Friendship is a hard thing. I mean, honestly, it is. We put so much of ourselves into these people and we expect them to reciprocate. To keep secrets. To show love. To not judge. To give advice. To live in our corner. We have all of these ideal situations that we picture our friends being in and all of the perfect ways that they should react to any news, and we don’t exactly know how to take it when they don’t live up to the expectation. In a way, I usually think that keeping friendships is a lot harder than staying in a romantic relationship. Do you ever think about just how many friends that you’ve had in your lifetime? And I don’t mean quick friendships that last a month and then fizzle away as you get tired of one another. I only have a handful of people who I can honestly say are true friends. I think that’s true for most of us, and I think it bothers us just a little.
Today one of my very best friends came back to our hometown. We met up like we usually do and I found myself thinking about how kind of beautiful it is that we have the friendship that we do. I think it’s a rare thing to find someone who you mesh with so completely well (romantic relationships aside) that you would drive hours just to spend an evening together. I feel like it’s so common to just expect our friends to put themselves out there and make all of the effort while we just sit and wait for the fun times. And that just doesn’t work. In the same way that a romantic relationship takes communication and versatility, a friendship does too. So many of us seem to forget that and then find that we don’t have any actual friends to turn to.
Macie (friend) and I have this wonderful type of understanding where we can go weeks, even months, without speaking and it’s okay. We’re both in college at different universities, in different sororities, with different lives. It’s expected that we can’t keep in touch every single day, or even every week. But, when we do find time to call each other or to drive home and spend the day together it’s like we never left. We carve out time for each other and make sure to understand the fact that we lead different lives. In friendships today I see so many people get petty or jealous or just upset that their “friend” didn’t come and see them, or didn’t tell them some news. Friendship doesn’t work like that. Understanding is so, so vital if you want to have a successful friendship.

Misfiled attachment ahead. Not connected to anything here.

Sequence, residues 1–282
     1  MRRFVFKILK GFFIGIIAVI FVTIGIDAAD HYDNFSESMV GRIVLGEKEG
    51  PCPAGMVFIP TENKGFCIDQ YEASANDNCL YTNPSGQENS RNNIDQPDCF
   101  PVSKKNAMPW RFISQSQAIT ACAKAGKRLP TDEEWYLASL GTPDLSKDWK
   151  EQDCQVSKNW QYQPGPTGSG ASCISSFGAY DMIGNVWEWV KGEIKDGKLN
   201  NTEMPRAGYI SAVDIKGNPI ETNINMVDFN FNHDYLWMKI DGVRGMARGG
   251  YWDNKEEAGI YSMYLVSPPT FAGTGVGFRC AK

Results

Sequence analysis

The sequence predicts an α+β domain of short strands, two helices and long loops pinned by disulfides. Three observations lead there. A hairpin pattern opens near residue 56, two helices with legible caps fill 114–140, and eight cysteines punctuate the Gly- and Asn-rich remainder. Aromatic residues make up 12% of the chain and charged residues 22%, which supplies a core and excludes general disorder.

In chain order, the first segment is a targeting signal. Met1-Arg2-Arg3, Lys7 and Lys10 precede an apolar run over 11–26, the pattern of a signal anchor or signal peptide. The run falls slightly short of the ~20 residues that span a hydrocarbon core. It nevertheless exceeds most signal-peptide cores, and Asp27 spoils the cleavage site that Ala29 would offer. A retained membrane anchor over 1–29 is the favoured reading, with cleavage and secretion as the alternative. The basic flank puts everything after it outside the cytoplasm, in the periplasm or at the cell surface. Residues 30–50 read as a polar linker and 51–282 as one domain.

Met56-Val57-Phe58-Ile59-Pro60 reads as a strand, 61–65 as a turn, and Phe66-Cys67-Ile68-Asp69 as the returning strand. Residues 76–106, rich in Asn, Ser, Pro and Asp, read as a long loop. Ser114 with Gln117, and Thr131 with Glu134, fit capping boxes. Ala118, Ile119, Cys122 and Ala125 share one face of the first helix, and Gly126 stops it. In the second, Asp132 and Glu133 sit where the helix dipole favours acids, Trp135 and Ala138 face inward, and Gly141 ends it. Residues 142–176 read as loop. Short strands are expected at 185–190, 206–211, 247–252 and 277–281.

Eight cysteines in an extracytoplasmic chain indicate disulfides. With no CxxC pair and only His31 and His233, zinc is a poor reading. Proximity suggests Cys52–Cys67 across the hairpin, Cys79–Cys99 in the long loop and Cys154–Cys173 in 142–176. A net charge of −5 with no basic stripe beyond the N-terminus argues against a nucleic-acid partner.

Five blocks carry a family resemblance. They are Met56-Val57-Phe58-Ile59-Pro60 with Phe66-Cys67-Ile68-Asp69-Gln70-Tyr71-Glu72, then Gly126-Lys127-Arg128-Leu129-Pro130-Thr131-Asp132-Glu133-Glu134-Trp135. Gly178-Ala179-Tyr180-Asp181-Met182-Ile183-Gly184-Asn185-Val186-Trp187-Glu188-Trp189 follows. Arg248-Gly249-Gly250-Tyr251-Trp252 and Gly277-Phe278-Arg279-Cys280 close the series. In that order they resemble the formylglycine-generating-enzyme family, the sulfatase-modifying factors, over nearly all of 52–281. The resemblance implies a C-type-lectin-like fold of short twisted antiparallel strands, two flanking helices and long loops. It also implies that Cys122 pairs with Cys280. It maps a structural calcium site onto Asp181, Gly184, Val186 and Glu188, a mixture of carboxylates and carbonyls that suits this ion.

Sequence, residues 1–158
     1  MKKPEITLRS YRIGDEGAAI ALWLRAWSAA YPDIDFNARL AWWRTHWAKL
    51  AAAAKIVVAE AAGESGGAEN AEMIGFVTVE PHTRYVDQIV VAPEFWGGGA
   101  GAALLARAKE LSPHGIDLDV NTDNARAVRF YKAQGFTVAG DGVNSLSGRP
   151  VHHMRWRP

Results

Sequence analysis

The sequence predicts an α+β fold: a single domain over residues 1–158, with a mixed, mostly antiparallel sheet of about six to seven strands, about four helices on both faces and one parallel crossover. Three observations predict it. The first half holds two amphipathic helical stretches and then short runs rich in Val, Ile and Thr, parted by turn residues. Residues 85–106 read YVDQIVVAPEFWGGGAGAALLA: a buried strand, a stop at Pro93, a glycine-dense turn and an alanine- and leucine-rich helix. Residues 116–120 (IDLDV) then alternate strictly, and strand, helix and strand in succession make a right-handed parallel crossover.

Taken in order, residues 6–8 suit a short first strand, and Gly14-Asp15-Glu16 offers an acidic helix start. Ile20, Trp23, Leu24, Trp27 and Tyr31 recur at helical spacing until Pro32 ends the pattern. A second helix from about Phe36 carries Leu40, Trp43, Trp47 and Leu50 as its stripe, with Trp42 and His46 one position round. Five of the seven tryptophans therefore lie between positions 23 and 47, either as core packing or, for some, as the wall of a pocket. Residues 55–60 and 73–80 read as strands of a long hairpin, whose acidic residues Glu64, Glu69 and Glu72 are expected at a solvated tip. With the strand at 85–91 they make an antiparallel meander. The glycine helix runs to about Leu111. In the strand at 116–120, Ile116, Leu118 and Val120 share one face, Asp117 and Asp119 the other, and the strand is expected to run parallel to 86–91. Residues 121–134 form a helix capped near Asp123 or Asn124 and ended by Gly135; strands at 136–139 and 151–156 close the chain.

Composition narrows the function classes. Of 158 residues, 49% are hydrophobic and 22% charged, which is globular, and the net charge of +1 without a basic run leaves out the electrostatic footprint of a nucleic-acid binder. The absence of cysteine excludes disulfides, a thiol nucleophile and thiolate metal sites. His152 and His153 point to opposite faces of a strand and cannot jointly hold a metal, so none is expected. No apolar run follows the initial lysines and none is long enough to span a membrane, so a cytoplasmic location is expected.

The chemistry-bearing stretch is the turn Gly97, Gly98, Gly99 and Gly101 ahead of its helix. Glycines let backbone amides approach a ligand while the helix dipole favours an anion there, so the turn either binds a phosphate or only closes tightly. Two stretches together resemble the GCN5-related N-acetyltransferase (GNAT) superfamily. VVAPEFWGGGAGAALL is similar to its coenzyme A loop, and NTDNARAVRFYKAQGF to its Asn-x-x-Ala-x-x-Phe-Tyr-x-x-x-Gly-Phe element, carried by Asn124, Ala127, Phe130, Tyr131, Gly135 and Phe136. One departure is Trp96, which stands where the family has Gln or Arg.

As Macie and I laid sideways on my bed and caught each other up on everything that had happened since we last found ourselves here, I thought about how simple it actually is. Here we were in my childhood bedroom staring up at the ceiling that still has glow-in-the-dark stars plastered on it, anticipating graduating college and getting married. We’ve made it through so many milestones in our lives and, somehow, we still ended up here, in this room. Great friendships don’t come often, and they don’t always last. As someone who needs people in my life pretty consistently, I’m glad that I realized that. I’m glad that I stopped expecting the world from my friends so that I could actually have real relationships with them. I decided that these people deserve better than me taking more than I give. I think that the key to successful friendships is realizing that. Realizing it, and putting it into practice so that the people important to you can see it.
Someone asked me how Macie and I have had such a good friendship for so long, and this is my answer. It’s not hard, but its important. Friendships deserve so much more of our effort because they are so very rare. They are our comfort and our home when we get buried in life. They are the people we turn to when everything else seems to be too much, so they have earned more effort than we are used to giving.